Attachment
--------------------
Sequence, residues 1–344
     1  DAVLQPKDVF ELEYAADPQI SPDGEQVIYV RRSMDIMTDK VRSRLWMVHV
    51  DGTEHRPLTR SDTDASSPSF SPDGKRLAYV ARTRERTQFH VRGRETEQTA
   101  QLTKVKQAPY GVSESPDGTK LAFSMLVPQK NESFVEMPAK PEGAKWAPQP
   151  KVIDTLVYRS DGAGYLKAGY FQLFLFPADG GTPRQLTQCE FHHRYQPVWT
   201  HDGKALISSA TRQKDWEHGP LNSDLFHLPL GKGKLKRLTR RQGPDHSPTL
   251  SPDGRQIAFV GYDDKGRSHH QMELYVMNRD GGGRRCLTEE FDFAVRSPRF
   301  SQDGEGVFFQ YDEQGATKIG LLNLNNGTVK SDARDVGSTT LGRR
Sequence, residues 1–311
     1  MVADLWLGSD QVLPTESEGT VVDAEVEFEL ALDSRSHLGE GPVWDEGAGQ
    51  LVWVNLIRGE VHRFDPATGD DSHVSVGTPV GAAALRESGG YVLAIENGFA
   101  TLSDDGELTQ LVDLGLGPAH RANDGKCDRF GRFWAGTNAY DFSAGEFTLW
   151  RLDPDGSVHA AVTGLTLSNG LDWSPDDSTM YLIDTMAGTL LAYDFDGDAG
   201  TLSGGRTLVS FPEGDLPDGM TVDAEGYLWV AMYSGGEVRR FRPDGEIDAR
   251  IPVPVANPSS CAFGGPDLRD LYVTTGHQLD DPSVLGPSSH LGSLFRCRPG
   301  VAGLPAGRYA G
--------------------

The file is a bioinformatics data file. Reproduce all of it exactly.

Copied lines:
Sequence, residues 1–344
     1  DAVLQPKDVF ELEYAADPQI SPDGEQVIYV RRSMDIMTDK VRSRLWMVHV
    51  DGTEHRPLTR SDTDASSPSF SPDGKRLAYV ARTRERTQFH VRGRETEQTA
   101  QLTKVKQAPY GVSESPDGTK LAFSMLVPQK NESFVEMPAK PEGAKWAPQP
   151  KVIDTLVYRS DGAGYLKAGY FQLFLFPADG GTPRQLTQCE FHHRYQPVWT
   201  HDGKALISSA TRQKDWEHGP LNSDLFHLPL GKGKLKRLTR RQGPDHSPTL
   251  SPDGRQIAFV GYDDKGRSHH QMELYVMNRD GGGRRCLTEE FDFAVRSPRF
   301  SQDGEGVFFQ YDEQGATKIG LLNLNNGTVK SDARDVGSTT LGRR
Sequence, residues 1–311
     1  MVADLWLGSD QVLPTESEGT VVDAEVEFEL ALDSRSHLGE GPVWDEGAGQ
    51  LVWVNLIRGE VHRFDPATGD DSHVSVGTPV GAAALRESGG YVLAIENGFA
   101  TLSDDGELTQ LVDLGLGPAH RANDGKCDRF GRFWAGTNAY DFSAGEFTLW
   151  RLDPDGSVHA AVTGLTLSNG LDWSPDDSTM YLIDTMAGTL LAYDFDGDAG
   201  TLSGGRTLVS FPEGDLPDGM TVDAEGYLWV AMYSGGEVRR FRPDGEIDAR
   251  IPVPVANPSS CAFGGPDLRD LYVTTGHQLD DPSVLGPSSH LGSLFRCRPG
   301  VAGLPAGRYA G